I Am Not What I Once Was

I am not what I ought to be. Ah, how imperfect and deficient!

I am not what I wish to be. I abhor what is evil, and I would cleave to what is good!

I am not what I hope to be. Soon, soon shall I put off mortality, and with mortality all sin and imperfection.

Yet, though I am not what I ought to be,
nor what I wish to be,
nor what I hope to be,
I can truly say, I am not what I once was;
a slave to sin and Satan;
and I can heartily join with the apostle, and acknowledge,
‘By the grace of God I am what I am.’

—John Newton

Via: Tony Reinke

God’s Way of Peace

It is not by incarnation but by blood shedding that we are saved. The Christ of God is no mere expounder of wisdom; no mere deliverer or gracious benefactor; and they who think they have told the whole gospel, when they have spoken of Jesus revealing the love of God, do greatly err. If Christ be not the Substitute, he is nothing to the sinner. If he did not die as the Sin-bearer, he has died in vain. Let us not be deceived on this point, nor misled by those who, when they announce Christ as the Deliverer, think they have preached the gospel. If I throw a rope to a drowning man, I am a deliverer. But is Christ no more than that? If I cast myself into the sea, and risk my life to save another, I am a deliverer. But is Christ no more? Did he but risk his life? The very essence of Christ’s deliverance is the substitution of Himself for us, his life for ours. He did not come to risk his life; he came to die! He did not redeem us by a little loss, a little sacrifice, a little labour, a little suffering, “He redeemed us to God by his blood;” “the precious blood of Christ.” He gave all he had, even his life, for us. This is the kind of deliverance that awakens the happy song, “To him that loved us, and washed us from our sins in his own blood.”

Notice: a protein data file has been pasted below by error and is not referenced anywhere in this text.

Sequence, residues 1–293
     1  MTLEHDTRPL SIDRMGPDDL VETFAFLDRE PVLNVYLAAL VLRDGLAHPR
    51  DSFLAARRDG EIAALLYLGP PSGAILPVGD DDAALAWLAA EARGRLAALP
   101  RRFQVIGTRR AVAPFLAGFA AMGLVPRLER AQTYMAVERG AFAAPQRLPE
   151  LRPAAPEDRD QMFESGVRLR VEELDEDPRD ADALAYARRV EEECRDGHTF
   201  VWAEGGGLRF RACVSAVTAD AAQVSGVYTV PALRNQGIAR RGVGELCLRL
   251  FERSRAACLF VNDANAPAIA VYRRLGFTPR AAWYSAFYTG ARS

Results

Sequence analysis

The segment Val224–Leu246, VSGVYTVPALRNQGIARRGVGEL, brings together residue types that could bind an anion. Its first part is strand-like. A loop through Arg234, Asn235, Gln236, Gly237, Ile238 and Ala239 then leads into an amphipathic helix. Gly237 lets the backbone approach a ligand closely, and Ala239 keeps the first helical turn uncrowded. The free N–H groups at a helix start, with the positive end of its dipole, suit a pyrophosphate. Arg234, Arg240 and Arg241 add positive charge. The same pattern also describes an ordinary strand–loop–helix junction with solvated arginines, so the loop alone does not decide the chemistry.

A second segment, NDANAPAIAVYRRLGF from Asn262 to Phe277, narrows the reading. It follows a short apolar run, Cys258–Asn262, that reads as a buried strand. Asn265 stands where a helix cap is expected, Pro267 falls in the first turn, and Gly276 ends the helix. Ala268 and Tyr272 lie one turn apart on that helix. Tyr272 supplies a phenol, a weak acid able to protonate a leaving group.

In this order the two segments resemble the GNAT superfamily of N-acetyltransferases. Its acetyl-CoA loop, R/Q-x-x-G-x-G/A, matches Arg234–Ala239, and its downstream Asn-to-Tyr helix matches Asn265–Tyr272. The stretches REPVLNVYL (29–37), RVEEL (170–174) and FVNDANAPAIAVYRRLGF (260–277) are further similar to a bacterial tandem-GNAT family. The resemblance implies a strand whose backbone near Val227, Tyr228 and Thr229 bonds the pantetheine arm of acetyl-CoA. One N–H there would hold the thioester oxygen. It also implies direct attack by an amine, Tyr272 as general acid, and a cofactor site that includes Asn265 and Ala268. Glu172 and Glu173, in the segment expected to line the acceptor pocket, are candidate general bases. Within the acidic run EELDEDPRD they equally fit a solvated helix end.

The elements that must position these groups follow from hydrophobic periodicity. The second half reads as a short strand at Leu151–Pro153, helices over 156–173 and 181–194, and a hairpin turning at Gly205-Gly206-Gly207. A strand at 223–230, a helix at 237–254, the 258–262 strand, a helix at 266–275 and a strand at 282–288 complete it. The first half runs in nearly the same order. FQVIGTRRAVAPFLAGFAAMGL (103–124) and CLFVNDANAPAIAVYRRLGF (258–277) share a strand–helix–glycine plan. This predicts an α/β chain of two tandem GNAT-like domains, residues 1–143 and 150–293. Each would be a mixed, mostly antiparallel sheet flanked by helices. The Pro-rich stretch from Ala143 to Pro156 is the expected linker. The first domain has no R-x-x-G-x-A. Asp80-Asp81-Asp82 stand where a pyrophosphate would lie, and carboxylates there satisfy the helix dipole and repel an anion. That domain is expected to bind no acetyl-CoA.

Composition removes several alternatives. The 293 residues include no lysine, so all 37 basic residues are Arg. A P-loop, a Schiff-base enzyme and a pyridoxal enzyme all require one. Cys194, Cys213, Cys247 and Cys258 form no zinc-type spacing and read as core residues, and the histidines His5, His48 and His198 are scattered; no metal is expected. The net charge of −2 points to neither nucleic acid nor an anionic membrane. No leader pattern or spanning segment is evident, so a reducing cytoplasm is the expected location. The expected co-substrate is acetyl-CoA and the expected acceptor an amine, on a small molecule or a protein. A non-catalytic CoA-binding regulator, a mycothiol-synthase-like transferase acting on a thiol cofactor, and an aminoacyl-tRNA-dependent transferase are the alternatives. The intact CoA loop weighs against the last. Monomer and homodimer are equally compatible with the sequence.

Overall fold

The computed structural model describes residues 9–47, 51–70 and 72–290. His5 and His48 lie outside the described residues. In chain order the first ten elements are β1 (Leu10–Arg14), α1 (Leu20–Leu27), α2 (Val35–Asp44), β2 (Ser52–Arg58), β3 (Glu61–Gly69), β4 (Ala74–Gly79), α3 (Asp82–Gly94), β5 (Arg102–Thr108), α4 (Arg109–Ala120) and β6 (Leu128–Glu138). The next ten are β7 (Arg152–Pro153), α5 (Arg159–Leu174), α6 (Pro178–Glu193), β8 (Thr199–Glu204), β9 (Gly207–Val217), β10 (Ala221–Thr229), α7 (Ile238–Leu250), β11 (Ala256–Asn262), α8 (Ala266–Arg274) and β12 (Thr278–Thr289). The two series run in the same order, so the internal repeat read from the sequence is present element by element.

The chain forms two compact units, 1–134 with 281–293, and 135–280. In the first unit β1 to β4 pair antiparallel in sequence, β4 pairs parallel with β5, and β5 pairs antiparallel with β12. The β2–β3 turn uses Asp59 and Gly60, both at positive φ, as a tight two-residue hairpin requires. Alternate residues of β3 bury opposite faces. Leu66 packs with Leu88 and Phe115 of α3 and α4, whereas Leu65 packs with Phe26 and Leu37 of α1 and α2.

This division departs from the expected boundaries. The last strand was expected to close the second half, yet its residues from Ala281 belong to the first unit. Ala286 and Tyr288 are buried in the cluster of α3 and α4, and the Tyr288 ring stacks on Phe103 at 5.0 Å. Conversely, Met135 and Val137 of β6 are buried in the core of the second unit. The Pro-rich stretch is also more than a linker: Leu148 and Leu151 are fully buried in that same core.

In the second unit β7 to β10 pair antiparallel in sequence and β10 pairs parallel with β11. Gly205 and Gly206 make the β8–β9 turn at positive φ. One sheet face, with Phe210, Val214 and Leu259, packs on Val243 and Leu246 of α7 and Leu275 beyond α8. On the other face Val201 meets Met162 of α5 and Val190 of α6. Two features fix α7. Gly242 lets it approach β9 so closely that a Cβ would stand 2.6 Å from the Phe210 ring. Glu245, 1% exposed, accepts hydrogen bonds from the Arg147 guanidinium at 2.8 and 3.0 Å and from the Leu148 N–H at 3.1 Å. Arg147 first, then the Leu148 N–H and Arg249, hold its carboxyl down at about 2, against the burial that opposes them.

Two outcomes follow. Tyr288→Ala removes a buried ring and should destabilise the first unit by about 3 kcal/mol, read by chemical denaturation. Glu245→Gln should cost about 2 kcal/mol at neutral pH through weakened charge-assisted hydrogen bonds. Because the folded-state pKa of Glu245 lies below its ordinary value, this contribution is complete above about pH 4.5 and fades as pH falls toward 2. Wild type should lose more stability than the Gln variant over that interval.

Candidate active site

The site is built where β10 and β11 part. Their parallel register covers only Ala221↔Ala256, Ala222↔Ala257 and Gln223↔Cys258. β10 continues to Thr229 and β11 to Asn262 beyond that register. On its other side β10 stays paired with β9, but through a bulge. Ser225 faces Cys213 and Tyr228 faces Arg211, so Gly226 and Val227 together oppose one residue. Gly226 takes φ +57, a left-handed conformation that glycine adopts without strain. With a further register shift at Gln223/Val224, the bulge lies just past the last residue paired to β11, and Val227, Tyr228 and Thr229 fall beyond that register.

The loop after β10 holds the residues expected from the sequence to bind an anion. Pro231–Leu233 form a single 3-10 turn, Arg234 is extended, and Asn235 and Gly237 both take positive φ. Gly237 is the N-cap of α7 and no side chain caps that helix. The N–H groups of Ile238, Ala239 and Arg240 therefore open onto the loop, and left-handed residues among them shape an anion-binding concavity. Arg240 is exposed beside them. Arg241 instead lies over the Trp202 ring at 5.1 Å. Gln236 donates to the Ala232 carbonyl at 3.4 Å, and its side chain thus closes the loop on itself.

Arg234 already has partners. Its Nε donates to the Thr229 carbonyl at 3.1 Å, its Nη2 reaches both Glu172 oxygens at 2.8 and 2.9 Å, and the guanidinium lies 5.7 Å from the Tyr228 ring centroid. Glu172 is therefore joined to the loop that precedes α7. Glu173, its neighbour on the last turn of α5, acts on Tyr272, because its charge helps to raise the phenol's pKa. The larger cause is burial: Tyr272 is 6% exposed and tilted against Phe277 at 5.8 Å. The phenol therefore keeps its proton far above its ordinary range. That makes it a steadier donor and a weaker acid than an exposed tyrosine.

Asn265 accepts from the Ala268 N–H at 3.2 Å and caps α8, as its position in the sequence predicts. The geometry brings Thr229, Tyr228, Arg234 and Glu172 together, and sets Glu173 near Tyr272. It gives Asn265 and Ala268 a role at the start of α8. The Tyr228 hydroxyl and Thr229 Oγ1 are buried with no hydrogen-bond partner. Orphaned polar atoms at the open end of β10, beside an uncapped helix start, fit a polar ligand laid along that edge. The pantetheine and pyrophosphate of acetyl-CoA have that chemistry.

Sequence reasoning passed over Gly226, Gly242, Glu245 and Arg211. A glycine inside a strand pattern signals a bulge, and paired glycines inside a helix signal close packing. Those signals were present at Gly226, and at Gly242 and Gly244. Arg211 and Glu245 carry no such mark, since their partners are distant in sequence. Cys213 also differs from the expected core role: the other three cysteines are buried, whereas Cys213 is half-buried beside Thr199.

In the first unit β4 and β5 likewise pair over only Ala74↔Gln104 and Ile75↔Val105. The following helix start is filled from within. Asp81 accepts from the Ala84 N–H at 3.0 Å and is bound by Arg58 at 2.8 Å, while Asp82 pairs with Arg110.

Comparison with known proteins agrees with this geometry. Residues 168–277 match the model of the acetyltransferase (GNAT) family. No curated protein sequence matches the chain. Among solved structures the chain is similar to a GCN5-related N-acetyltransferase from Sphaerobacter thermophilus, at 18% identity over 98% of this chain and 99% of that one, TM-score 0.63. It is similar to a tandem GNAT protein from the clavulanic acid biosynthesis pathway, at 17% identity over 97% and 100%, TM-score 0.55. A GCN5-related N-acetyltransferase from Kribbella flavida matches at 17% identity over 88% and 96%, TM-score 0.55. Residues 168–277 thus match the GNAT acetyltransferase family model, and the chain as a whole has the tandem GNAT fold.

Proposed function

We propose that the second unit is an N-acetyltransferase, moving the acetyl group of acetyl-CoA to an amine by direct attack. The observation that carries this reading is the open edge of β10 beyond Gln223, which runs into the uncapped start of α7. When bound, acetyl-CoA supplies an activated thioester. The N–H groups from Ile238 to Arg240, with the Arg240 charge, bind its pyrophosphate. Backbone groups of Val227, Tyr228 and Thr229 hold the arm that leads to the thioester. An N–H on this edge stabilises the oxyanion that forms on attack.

The tendency of the world’s religion just now is, to reject the blood; and to glory in a gospel which needs no sacrifice, no “Lamb slain.” Thus, they go “in the way of Cain.” Cain refused the blood, and came to God without it. He would not own himself a sinner, condemned to die, and needing the death of another to save him. This was man’s open rejection of God’s own way of life.

—Horatius Bonar
God’s Way of Peace

I Lay My Sins on Jesus

I lay my sins on Jesus, the spotless Lamb of God;
He bears them all, and frees us from the accursed load;
I bring my guilt to Jesus, to wash my crimson stains;
White in His blood most precious, till not a stain remains.

I lay my wants on Jesus; all fullness dwells in Him;
He heals all my diseases, He doth my soul redeem;
I lay my griefs on Jesus, my burdens and my cares;
He from them all releases, He all my sorrows shares.